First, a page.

The cliché nowadays is not showing a film’s title characters until the better half of its second act. Teenage Mutant Ninja Turtles continues that trend by focusing more on April O’Neil (Megan Fox, “Passion Play”), a good-looking New York reporter reduced to covering fluff pieces. Eager for a break that’d set her apart from her peers, she pursues an investigation into a criminal organization known as the Foot Clan, spearheaded by the ruthless Shredder (Tohoru Masamune, “Inception”). While every news outlet covers the Foot Clan’s reign of intimidation and violence, only O’Neil discovers the four vigilantes who’ve been fighting back against them: Leonardo (motion-captured by Pete Ploszek, voiced by Johnny Knoxville, “Bad Grandpa”), Michelangelo (Noel Fisher, “The Twilight Saga: Breaking Dawn – Part 2”), Donatello (Jeremy Howard, “The Pretty One”), and Raphael (Alan Ritchson, “The Hunger Games: Catching Fire”). She just didn’t expect them to be talking turtles who like pizza and marital arts, and were trained by their equally mutated — albeit enlightened — rat master, Splinter (motion-captured by Danny Woodburn, voiced by Tony Shalhoub, “Pain & Gain”).
Teenage Mutant Ninja Turtles could’ve been a lot of things, but boring? The script, written by Josh Appelbaum, André Nemec and Evan Daugherty, is a clusterfuck of pop culture references, product placement, and monologues outlining every plot point before it actually happens; the latter of which is the only thing connecting this reboot to its ’80’s roots. The turtles themselves, once conceived by comic writers Peter Laird and Kevin Eastman as a parody of Marvel superheroes, only have a fraction of their distinct personalities. Raphael may still be somewhat rebellious, and Leonardo maintains his discipline over the clan, but most of the film would rather have Will Arnett’s character, a clueless cameraman, making stupid passes at O’Neil.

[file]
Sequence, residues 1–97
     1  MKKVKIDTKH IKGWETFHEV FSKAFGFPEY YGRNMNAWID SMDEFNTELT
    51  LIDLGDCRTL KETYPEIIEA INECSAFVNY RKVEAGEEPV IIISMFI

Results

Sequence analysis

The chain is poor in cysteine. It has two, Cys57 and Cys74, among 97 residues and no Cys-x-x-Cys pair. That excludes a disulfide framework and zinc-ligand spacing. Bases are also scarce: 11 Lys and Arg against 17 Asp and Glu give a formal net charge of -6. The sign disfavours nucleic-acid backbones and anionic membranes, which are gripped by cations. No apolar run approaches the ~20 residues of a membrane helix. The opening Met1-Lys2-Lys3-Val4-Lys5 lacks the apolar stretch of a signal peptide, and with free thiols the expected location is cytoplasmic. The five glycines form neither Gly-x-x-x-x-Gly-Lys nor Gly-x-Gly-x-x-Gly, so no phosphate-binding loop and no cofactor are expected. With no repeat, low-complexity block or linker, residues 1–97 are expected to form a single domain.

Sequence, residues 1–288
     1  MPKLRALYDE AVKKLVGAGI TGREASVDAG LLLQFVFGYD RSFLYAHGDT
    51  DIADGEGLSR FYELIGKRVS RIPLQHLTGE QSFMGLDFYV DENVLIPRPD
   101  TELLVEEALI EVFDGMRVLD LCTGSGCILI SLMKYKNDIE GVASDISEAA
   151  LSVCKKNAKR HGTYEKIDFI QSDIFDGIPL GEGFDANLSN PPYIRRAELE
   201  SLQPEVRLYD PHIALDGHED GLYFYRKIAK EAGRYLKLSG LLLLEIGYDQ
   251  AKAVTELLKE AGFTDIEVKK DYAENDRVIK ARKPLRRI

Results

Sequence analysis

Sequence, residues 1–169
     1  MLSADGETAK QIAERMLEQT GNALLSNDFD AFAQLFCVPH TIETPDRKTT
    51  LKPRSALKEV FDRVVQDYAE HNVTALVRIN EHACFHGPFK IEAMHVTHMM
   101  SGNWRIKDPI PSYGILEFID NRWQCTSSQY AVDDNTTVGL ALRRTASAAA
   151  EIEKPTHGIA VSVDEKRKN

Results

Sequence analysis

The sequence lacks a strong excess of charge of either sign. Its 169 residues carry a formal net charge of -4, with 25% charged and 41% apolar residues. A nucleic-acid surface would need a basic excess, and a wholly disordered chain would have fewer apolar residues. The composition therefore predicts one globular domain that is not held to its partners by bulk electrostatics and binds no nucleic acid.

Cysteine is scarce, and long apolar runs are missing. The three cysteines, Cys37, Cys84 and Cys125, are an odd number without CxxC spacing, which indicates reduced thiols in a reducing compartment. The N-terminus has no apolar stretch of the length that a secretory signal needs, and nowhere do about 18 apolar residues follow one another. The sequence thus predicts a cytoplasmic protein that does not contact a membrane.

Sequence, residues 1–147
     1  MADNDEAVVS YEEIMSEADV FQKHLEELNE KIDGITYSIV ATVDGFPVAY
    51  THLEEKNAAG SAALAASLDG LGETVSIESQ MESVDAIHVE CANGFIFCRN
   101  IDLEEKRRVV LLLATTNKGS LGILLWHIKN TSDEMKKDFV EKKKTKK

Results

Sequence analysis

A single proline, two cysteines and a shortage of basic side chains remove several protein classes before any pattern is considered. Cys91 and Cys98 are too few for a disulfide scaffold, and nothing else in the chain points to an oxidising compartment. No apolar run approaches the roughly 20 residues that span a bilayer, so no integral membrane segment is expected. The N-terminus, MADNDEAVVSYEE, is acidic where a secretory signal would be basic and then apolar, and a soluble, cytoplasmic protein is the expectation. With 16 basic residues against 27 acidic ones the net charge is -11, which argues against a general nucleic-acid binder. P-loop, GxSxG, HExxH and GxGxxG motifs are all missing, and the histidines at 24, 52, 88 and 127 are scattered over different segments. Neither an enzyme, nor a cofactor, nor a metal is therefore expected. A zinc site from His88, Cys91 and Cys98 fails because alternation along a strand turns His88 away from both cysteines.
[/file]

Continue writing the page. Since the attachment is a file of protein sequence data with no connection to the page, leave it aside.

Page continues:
While Jonathan Liebesman is credited as the film’s director, Teenage Mutant Ninja Turtles is very much a Michael Bay production. As chief financier, Bay makes sure to include his take on buildings toppling over and trucks exploding. Unsurprisingly, the special effects are serviceable. The turtles themselves take some getting used to — with their weird nostrils and whatnot — but aren’t that compelling either. Of course, Bay, being the chauvinist he is, makes Fox another tchotchke to fawn over. She too looks good and is completely forgettable (as she is in most of her parts). Nothing really has the resonance of Splinter’s black, beady eyes; they look devoid and helpless — much like this rebooted franchise has become before it has really started.